Title: Dive Bar Author: Carolyn Bird In: Proud (Juno Dawson) Rating Out of 5: 4 (Really good read!) My Bookshelves:LGBTQI, Poetry Dates read: 31st March 2021 Pace: Slow Format: Poem Publisher: Little Tiger Year: 2019 5th sentence, 74th page: an innuendo in stomach acid
A wonderful, dark and sultry poem.
There is something about poetry that really makes me feel. I’m not sure why, but there is always an extra layer of emotion when I read poetry. And this poem was no exception.
This story felt like shadows, secrets and lust. It felt like dark alleys and quiet corridors. Secret spaces to find yourself, and someone else.
There is something about this poem that felt seriously and wonderfully… comfortable.
Title: Red, White & Royal Blue Author: Casey McQuiston Rating Out of 5: 5 (I will read this again and again and again) My Bookshelves:Contemporary, Contemporary romance, LGBTQI Dates read: 9th – 24th January 2021 Pace: Medium Format: Novel Publisher: St. Martin’s Paperbacks Year: 2019 5th sentence, 74th page: Shaan almost called in the sniffer dogs.
What happens when America’s First Son falls in love with the Prince of Wales?
When his mother became President of the United States, Alex Claremont-Diaz was promptly cast as the American equivalent of a young royal. Handsome, charismatic, genius – his image is pure millennial-marketing gold for the White House. There’s only one problem: Alex has a beef with an actual prince, Henry, across the pond. And when the tabloids get hold of a photo involving an Alex / Henry altercation, U.S. / British relations take a turn for the worse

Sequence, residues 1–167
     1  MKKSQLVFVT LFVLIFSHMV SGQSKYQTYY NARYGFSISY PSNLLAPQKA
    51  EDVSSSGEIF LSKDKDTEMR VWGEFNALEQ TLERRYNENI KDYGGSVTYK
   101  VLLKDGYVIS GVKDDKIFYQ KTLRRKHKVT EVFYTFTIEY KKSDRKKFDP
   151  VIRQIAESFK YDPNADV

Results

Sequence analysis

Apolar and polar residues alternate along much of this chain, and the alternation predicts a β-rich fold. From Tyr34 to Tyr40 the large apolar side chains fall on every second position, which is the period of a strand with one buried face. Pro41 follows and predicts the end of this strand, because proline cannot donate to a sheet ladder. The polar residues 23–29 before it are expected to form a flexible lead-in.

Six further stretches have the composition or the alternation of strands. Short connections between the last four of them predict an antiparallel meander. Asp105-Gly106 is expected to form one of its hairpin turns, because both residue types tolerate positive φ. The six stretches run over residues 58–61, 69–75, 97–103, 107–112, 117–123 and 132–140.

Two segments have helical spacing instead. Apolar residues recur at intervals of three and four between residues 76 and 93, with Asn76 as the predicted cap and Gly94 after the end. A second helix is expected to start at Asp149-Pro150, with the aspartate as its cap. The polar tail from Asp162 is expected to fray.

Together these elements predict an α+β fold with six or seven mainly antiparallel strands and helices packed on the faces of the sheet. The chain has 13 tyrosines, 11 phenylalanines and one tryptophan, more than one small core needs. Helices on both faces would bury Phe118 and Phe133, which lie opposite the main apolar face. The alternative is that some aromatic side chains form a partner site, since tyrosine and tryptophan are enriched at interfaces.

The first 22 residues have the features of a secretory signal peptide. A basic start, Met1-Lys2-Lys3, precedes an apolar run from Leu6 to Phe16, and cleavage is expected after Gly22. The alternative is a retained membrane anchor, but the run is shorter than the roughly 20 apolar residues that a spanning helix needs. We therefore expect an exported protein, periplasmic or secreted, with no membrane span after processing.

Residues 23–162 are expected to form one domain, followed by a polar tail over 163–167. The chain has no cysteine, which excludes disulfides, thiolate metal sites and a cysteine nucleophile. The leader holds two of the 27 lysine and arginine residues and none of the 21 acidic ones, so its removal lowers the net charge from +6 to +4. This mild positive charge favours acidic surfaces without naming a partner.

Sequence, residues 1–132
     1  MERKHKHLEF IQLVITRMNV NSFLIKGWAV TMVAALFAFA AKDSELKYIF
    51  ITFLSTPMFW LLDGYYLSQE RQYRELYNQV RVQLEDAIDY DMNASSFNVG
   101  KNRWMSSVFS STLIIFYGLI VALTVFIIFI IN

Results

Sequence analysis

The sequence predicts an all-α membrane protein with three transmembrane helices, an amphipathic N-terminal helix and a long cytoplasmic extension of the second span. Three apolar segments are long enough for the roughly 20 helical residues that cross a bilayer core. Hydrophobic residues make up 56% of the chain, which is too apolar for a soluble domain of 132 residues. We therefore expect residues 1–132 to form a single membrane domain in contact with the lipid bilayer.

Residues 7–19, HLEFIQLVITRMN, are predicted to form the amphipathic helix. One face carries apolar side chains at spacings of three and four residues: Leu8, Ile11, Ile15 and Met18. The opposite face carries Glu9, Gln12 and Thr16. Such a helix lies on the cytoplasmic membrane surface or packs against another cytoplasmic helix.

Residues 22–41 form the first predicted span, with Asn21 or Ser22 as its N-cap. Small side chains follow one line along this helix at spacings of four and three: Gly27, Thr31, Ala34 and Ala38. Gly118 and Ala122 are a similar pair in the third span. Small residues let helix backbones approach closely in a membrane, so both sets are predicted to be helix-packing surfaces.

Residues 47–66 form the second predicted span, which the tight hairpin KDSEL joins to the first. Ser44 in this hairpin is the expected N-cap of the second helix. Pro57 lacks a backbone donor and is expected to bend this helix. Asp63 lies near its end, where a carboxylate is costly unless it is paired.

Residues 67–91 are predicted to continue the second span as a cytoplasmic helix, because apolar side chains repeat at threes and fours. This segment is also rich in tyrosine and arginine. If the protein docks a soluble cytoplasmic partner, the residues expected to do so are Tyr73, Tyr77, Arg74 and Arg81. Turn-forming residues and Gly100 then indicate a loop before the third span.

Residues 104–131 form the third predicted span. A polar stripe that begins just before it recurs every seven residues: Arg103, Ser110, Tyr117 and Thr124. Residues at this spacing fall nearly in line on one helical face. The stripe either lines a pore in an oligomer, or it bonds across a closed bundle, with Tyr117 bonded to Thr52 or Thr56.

Heads of family and state and other handlers devise a plan for damage control: Stage a truce between the two rivals. What at first begins as a fake, Instagrammable friendship grows deeper, and more dangerous, than either Alex or Henry could have imagined. Soon Alex finds himself hurtling into a secret romance with a surprisingly unstuffy Henry that could derail the presidential campaign and upend two nations. It raises the question: Can love save the world after all? Where do we find the courage, and the power, to be the people we are meant to be? And how can we learn to let our true colors shine through?
I bought this on an impulse because one of the book bloggers I love to follow had it on their reviews last year and said it was awesome. And you know what? They weren’t wrong! This book is amazing and wonderful. Unforgettable and left me feeling super happy, calm and complete. The kind of book that I will most definitely read again and again as the years go by.
I love that not only is this novel a romance, but it’s also a coming-of-age story. In a pretty major way. The whole time throughout this story, Alex is not only falling in love with Henry, but he’s also having to figure out his own identity and nonsense. That’s not exactly an easy feat. Making this an even mor amazing and impossible to forget story. Or at least, that’s what it was like for me – I love how Alex is constantly having new revelations and realisations throughout.
Reading this novel coming out of the shenanigans of what has been happening in America felt… time worthy. It felt poignant and perfectly timed. And, although I still know next to nothing about American politics, it did help to give me a little insight into some of the horrors that the poor Americans have been dealing with. Or at least, that’s how it felt. It highlighted the horrors, but also did so in a optimistic and somewhat positive manner.
All in all, I absolutely loved this novel. I can’t wait until McQuiston’s next book, One Last Stand comes out and takes it place on my shelves. There is something optimistic and brutally honest about McQuiston’s writing that draws you in completely from the beginning. It is impossible not to feel connected to both Alex and Henry as they try and negotiate their very public lives. And, just generally, leaves you feeling light, hopeful and believing in true love as you turn that final page.